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Bosawas, the second largest rainforest in the Americas, threatened

News from Nicaragua | Wednesday, 18 June 2014 |

The Bosawás Biosphere Reserve in the northern Nicaragua is a hilly tropical forest designated in 1997 as a UNESCO biosphere reserve. Covering 2 million hectares - roughly the size of Wales- Bosawas is the second largest rainforest in the Americas after the Amazon in Brazil. It forms part of the Meso-American Biological Corridor that runs the length of Central America.

Twenty-one thousand indigenous Mayangna and Miskito people live along its rivers. It is home to 150,000 insect species, rare jaguars, eagles and crocodiles as well as the world’s last populations of Baird’s Tapir and the Central American Spider Monkey.

In a landmark 2007 decision the Nicaraguan government recognised the full legal title of the Mayangna to their communal lands. However, according to a delegation to the region organised by the US based Nicaragua Network in February this year, ‘all of the positive work of the demarcation and titling under Law 445 is being threatened by the invasion of colonisers from other parts of Nicaragua.’

Mayangna and Miskito people who live in the area say 30,000 hectares a year are being deforested by “colonists”. According to Mayangna leaders large scale logging and land clearing for agriculture by migrants constitutes a very serious threat to the future of the forest. “Really these people are land speculators. They come in; they burn the forest and put in pasture, then sell it and move to another area.”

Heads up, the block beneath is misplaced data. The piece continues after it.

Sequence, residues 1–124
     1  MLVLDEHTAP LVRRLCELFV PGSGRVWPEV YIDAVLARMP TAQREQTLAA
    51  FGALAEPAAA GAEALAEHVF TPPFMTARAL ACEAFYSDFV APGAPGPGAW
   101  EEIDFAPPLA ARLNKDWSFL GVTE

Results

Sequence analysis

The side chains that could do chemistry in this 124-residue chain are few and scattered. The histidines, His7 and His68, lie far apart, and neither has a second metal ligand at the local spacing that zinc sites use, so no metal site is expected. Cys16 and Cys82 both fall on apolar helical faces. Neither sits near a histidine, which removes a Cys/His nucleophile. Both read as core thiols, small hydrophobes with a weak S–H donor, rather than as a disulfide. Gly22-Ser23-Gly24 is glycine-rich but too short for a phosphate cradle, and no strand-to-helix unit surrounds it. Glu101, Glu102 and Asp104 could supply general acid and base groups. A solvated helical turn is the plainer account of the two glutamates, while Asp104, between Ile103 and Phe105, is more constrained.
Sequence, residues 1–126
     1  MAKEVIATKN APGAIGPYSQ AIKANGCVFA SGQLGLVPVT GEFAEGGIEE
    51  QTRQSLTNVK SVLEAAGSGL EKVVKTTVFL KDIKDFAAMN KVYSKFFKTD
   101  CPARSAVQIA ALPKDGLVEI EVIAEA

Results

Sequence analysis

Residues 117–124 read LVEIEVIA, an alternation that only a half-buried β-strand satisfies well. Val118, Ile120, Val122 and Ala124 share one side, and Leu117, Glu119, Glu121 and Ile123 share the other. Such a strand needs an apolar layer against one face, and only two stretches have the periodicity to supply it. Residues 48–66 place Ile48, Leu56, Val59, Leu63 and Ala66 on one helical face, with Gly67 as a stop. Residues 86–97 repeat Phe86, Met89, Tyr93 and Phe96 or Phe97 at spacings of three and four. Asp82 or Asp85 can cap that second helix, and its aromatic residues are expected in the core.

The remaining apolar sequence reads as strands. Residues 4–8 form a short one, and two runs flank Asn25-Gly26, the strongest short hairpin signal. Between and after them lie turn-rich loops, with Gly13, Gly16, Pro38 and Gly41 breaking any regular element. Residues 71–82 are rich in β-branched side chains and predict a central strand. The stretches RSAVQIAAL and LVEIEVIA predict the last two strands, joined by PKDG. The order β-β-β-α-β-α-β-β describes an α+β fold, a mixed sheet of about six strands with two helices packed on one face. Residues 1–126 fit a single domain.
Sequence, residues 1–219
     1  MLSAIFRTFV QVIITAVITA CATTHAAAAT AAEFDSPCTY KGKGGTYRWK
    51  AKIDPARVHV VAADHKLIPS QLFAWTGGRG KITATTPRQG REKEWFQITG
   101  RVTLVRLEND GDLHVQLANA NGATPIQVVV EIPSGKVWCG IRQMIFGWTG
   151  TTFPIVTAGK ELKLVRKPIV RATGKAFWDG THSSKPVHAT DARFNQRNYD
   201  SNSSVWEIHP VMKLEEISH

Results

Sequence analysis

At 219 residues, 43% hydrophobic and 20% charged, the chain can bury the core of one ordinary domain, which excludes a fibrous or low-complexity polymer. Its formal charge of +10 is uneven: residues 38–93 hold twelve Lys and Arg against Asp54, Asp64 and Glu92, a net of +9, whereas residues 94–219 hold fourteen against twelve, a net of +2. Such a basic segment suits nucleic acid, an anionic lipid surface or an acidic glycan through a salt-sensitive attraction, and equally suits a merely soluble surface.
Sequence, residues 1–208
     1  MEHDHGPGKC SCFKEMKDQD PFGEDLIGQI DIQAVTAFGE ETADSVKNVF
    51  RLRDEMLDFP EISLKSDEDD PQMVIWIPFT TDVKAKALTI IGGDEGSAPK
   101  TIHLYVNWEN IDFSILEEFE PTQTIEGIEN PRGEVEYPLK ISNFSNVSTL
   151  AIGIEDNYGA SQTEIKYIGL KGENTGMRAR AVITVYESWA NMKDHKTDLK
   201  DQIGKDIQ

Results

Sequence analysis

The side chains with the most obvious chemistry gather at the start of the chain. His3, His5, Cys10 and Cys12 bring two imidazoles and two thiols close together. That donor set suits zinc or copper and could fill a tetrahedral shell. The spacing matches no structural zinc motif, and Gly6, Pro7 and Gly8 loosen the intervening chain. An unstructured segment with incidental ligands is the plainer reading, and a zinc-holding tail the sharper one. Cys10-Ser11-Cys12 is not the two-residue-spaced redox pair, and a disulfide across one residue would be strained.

Researcher, Dr Thomas Lovejoy pointed out how critical the protection of Bosawas is: “Nicaragua has one of the three great blocs of remaining tropical rain forest in Central America,” he said. “As a consequence, the struggle to protect this precious and unique part of biological diversity is of hemispheric, and global, importance.”

The Nicaragua Network delegation reported on the extent of the violations of the law 445, the the almost non-existent presence of government authorities and corruption that revolves around lawyers and government officials who, according to the complaints of the Mayangnas, are trafficking land in protected areas.

However, the government is now taking action to enforce the law and to launch a National Reforestation campaign.

On 11 June, the Ministry of Environment and Natural Resources (MARENA) announced that they will accompany the Indigenous Territorial Government of the Mayangna Sauni who have submitted a complaint against four traffickers in indigenous and protected land.

Representative Alberto Mercado added that MARENA is working with the Ecological Battalion of the Army to try to stop colonists from entering Bosawas by placing barricades across the roads into the Reserve. However, he also warned of the scale of the task and the lack of resources warning that the ‘Reserve is immense and has many entrances.’

Meanwhile, the government announced that as part of the activities to celebrate the 35th anniversary of the 1979 Revolution, the Sandinista Youth and the Guardabarranco Young Environmentalists will be carrying out activities to raise awareness of the critical importance of the Reserve and propose solutions.

William Schwartz of the National Forestry Institute (INAFOR), announced government plans to reforest 2,000 hectares with 2.2 million trees in the Reserve, part of a plan to reforest 23,115 hectares nationwide. Schwartz added that Army Ecological Battalion, students, private businesses, organised citizens, and government institutions would be joining the National Reforestation Campaign. He said that it was important to support the efforts of the indigenous peoples who over the years have been the ones who have taken care of the forest for centuries.